“iPhone is the most valuable device for the networks that carry it,” Ben Bajarin writes for Tech.Pinions. “Carriers have been in a transition the last few years to move their value from voice to data. The key for carrier services going forward is to capitalize on the consumer consumption of their data services not their voice services. Therefore device which are excellent at consuming data services are highly valued. This, as [Asymco’s] Horace [Dediu] points out, is the reason the carriers are willing to pay the high price of the iPhone and subsidize it to their customers.”

Bajarin writes, “The key question remains to the other devices, like Android, which certainly don’t generate the same ARPU as the iPhone (or specifically iOS). We know that Android devices are heavily skewed to the lower end of the market.”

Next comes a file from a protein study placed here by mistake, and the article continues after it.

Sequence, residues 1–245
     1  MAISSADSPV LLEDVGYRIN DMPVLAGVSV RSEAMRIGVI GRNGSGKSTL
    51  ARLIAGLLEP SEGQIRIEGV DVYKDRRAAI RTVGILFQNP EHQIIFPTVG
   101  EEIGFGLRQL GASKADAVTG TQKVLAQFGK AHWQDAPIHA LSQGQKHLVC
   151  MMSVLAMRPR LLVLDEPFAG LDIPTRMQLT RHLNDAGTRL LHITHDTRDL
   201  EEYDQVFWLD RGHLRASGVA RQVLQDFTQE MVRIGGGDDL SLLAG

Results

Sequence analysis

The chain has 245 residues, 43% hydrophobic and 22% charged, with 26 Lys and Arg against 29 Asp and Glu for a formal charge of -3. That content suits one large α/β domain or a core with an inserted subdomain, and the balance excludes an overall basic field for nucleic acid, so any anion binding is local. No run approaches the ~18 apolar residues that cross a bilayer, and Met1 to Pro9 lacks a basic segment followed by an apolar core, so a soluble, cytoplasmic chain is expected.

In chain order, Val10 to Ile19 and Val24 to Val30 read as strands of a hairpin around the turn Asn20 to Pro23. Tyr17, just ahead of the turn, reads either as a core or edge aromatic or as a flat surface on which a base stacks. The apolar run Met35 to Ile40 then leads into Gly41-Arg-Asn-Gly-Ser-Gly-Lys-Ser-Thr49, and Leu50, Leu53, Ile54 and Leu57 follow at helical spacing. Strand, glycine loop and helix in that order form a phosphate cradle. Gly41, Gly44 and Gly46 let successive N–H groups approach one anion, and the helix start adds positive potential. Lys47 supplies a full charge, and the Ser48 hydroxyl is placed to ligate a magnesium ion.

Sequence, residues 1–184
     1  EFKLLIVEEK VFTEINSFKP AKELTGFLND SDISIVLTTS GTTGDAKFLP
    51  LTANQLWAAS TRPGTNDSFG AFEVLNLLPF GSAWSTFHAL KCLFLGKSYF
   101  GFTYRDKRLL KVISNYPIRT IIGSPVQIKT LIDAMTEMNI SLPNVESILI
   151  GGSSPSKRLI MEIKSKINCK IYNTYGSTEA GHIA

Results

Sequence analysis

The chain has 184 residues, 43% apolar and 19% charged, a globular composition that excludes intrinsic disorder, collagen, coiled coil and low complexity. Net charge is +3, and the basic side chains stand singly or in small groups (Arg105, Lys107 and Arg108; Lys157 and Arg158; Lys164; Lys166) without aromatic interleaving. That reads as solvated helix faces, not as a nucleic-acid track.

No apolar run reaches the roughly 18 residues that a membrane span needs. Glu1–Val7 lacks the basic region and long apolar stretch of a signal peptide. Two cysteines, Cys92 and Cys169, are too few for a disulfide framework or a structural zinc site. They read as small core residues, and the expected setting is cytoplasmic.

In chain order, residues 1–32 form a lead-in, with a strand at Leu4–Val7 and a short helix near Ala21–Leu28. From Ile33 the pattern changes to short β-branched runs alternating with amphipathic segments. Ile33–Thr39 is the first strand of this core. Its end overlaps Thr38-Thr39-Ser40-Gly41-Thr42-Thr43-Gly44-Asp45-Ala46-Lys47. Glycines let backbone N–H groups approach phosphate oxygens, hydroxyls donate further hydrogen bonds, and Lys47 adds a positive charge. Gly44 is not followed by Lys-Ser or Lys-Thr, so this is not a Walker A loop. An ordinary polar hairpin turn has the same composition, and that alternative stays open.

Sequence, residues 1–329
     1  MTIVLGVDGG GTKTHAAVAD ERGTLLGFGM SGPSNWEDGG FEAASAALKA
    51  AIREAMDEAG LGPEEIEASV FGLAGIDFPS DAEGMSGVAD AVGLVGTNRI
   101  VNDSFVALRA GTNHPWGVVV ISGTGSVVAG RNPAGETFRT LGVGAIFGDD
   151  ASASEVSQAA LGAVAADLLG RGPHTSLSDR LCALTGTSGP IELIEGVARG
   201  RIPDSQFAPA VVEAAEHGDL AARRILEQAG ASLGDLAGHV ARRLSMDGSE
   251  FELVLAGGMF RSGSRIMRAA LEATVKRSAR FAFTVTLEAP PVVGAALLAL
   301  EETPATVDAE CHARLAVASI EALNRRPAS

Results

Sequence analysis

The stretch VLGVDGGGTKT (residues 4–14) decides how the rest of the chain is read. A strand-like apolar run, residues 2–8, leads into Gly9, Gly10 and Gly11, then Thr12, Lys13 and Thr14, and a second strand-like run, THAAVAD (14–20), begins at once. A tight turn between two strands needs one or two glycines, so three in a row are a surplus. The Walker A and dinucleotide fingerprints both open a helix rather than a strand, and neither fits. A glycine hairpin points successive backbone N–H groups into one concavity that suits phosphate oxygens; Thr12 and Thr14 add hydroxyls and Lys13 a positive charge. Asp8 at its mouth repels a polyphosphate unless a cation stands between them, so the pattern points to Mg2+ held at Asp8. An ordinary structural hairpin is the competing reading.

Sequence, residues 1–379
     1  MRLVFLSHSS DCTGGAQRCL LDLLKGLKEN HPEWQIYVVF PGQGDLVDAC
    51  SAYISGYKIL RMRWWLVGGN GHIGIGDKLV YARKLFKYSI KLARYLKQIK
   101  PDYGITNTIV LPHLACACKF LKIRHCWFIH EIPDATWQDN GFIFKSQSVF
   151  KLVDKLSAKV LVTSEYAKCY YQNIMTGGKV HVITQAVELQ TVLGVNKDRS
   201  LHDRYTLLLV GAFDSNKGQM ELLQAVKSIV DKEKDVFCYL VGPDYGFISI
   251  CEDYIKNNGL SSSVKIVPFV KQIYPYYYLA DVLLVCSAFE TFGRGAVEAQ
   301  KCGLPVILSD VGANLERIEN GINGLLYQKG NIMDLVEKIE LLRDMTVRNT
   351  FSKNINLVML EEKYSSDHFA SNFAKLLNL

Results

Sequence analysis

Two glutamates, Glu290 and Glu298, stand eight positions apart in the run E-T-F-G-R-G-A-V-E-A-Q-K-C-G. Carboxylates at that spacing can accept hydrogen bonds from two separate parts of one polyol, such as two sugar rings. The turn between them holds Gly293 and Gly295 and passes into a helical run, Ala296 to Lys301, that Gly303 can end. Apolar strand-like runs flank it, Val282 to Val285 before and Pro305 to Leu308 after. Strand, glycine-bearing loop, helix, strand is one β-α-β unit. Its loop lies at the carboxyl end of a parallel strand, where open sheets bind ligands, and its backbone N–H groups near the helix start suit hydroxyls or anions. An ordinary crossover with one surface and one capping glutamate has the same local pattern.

MacDailyNews Take: Or, as we like to put it: The Hee Haw demographic.

Bajarin continues, “This market certainly behaves differently and although they browse the web and consume data, the evidence shows the engagement is less than with iOS… If Apple went low-cost and grew their market share substantially by catering to the low-end, bringing hundreds of millions of new iOS users onto the networks, I have a strong feeling it would put monumental stress on all current network infrastructure. Bottom line is, I’m not sure the carriers can handle a low-end iPhone.”

Read more in the full article – recommended – here.

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